http://www.theglobeandmail.com/news/...ticle17638238/

Suspended from the G8 and facing the weight of Western sanctions, Russia president Vladimir Putin need not feel lonely. He is still welcome in one prominent club of nations: the BRICS group.

His allies in the five-member bloc of nations – including China, India, Brazil and South Africa – are refusing to abandon him. Their foreign ministers met on Monday in The Hague and announced that they rejected the use of sanctions in the Ukraine crisis.

The bloc also criticized the suggestion that Russia should be suspended from the G20 summit this year. The summit is due to be held in Brisbane in November, and the host Australian government has hinted that Mr. Putin might be banned from attending.

The statement by the BRICS ministers makes clear that the leading nations in the developing world have no appetite for the Western attempts to apply heavy pressure on Moscow over its annexation of Crimea.
http://www.forbes.com/sites/kenrapoz...anking-system/

Russia has decided it will take the lead in disrupting the dollar denominated unipolar world. It’s first attempt is to create an alternative to the Society for Worldwide Interbank Financial Telecommunication system, aka the SWIFT code, which is a Western-led financial backbone dealing with $6 billion transactions daily.

Some anti-Russia European politicians have called on removing Russian banks from the SWIFT system. The reason? Ukraine. For a country no one has talked about since the days of the old Soviet Union, Ukraine has driven a wedge between Russia and the Western world.
http://thediplomat.com/2015/03/china...o-integration/

The Eurasian Economic Union and the New Silk Road are two major foreign policy projects which Russia and China, respectively, have been pursuing since the early 2010s. The initiatives are the pet projects of the two states’ leaders.

Vladimir Putin proposed the Eurasian integration in October 2011, while running for his third presidential term. In an article published in Izvestia, Putin sketched out his ambitious vision of a Russian-led political-economic bloc in the post-Soviet space. Russia convinced Belarus and Kazakhstan to sign up to the project the following month but it took another three years to sign the treaty establishing the Eurasian Economic Union. 2015 marked the official inauguration of the union, which was almost immediately enlarged to include Armenia.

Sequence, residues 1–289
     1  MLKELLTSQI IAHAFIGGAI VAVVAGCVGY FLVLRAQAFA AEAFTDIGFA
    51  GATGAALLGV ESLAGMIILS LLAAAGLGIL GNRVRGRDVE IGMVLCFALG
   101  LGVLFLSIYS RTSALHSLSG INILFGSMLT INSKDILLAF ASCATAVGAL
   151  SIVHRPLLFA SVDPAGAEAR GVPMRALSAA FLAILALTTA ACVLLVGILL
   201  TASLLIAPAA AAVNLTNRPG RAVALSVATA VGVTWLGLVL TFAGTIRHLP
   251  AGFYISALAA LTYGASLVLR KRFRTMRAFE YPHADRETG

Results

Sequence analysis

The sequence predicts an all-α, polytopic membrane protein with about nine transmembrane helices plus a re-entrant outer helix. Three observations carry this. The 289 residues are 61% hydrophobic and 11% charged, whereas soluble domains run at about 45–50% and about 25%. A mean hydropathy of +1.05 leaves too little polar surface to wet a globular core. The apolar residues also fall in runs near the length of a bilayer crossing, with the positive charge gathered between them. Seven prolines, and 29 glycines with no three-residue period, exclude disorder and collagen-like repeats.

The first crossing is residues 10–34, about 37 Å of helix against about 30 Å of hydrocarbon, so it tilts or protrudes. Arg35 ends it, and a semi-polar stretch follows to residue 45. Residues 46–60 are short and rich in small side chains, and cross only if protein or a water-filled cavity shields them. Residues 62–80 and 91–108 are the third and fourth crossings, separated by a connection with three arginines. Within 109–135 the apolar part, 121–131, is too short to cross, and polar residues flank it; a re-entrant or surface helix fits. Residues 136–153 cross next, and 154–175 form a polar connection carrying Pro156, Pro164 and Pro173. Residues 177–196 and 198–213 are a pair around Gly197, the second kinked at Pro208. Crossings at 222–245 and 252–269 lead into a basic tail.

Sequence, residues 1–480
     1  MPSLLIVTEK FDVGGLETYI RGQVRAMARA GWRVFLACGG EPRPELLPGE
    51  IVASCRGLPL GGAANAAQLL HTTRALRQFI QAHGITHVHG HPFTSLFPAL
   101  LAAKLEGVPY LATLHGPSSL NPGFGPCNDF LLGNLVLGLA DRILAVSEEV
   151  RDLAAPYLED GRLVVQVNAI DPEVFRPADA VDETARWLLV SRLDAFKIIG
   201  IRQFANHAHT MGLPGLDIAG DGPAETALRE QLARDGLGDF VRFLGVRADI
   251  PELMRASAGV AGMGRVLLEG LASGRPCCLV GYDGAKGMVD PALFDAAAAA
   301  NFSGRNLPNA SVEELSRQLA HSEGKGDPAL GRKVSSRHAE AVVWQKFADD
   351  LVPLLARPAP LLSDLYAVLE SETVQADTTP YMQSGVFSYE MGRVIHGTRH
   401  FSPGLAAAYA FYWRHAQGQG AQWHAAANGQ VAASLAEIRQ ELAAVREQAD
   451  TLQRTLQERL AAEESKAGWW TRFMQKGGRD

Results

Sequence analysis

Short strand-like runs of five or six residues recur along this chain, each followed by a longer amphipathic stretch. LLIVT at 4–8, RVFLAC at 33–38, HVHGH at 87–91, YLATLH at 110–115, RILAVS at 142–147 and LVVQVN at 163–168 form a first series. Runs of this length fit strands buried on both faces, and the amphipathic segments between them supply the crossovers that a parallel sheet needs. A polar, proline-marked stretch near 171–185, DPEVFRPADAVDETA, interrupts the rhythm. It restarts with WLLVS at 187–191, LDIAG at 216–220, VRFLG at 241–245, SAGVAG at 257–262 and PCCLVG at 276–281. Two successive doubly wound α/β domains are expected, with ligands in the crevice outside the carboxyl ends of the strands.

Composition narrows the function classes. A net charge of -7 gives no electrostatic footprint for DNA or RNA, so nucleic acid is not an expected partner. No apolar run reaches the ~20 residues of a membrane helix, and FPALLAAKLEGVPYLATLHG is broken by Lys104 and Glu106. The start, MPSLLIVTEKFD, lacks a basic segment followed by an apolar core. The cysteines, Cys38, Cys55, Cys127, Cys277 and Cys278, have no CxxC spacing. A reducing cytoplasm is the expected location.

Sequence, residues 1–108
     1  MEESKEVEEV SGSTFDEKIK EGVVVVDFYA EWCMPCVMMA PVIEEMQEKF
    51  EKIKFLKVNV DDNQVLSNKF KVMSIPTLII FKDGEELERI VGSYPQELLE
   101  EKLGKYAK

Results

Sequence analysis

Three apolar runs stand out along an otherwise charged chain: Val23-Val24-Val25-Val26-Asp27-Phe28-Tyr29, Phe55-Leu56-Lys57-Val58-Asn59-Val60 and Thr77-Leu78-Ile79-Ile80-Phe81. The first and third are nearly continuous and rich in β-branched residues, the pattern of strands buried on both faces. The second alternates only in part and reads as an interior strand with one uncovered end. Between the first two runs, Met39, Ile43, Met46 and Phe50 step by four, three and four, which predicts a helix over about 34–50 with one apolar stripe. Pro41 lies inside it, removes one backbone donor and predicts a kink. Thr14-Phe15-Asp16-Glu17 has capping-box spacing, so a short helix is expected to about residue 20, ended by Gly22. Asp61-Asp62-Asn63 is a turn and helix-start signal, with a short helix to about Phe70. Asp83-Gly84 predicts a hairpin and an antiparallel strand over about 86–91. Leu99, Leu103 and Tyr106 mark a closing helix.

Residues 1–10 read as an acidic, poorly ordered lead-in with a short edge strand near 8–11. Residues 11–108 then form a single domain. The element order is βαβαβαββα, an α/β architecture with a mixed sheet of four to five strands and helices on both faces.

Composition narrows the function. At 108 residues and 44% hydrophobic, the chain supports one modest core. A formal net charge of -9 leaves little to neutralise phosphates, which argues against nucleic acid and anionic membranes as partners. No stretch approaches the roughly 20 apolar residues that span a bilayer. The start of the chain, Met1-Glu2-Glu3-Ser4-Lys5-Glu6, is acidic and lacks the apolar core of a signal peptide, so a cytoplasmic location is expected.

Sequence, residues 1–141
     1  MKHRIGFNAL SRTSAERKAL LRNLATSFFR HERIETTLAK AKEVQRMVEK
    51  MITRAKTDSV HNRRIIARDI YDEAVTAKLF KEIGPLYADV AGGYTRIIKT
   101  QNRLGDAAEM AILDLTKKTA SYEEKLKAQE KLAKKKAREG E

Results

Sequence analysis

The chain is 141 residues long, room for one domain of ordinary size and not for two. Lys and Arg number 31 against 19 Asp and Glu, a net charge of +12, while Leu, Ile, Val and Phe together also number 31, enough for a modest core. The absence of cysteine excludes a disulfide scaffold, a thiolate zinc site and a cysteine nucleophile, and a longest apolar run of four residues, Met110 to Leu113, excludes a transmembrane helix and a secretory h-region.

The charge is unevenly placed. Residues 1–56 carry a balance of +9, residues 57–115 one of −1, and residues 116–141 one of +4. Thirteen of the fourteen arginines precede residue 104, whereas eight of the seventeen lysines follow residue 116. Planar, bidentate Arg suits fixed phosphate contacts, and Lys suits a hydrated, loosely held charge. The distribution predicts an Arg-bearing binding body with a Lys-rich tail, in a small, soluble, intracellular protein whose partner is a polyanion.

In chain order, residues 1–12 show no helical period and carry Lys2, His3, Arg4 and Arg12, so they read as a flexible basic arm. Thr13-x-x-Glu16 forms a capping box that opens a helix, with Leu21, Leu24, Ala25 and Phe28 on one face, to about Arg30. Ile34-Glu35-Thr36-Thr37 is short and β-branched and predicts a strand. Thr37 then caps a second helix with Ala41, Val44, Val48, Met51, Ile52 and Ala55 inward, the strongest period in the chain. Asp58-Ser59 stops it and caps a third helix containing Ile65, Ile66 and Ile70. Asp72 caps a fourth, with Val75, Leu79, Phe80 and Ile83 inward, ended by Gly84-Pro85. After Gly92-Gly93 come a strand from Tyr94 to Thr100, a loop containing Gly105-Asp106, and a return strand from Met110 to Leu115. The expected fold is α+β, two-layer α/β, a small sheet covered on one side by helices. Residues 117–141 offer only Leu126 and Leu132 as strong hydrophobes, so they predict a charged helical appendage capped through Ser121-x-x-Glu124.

Xi Jinping put forward the idea of renewing the Silk Road two years after Putin’s initial declaration of Eurasian integration. During a visit to Kazakhstan in September 2013, the Chinese leader vowed to create a “Silk Road Economic Belt” as the first step in the process of connecting China to Europe via Central Asia. Several weeks later, during his trip to Indonesia, Xi presented a parallel initiative, the 21st Century Maritime Silk Road. The idea of reviving the ancient Silk Road quickly became popular in the Chinese media and expert circles. “One Belt, One Road” became a popular slogan describing the project.
http://www.cfr.org/councilofcouncils...l_memos/p36088

Thanks to the power shift in the international system and the deepening cooperation of the BRICS countries (Brazil, Russia, India, China, and South Africa) in the past six years, the role of this group in global affairs continues to gain momentum. The BRICS group is not only an economic concept but increasingly it is also taking the form of a political entity. However, with the slowing economic growth in BRICS countries and changing geopolitical dynamics around the world, the role of the BRICS on global governance is facing greater challenges than before. As the largest economy of the five countries, China’s vision and strategy about the future of the BRICS group is increasingly important.

Russia will host the seventh BRICS summit July 9–10, 2015, in Ufa, the capital of the Republic of Bashkortostan, gathering the heads of state of the five countries. As per usual, the hosting member will decide the annual summit theme. This year, Russia finds itself confronting worsening relations with the United States and the European Union over the Ukraine crisis, in addition to its own economic problems. Considering these current difficulties, one of the major challenges for the BRICS in 2015 is how to maintain a relationship of cooperation with Russia. Before discussing China’s perspective, it is worth considering Russia’s agenda for the BRICS in 2015.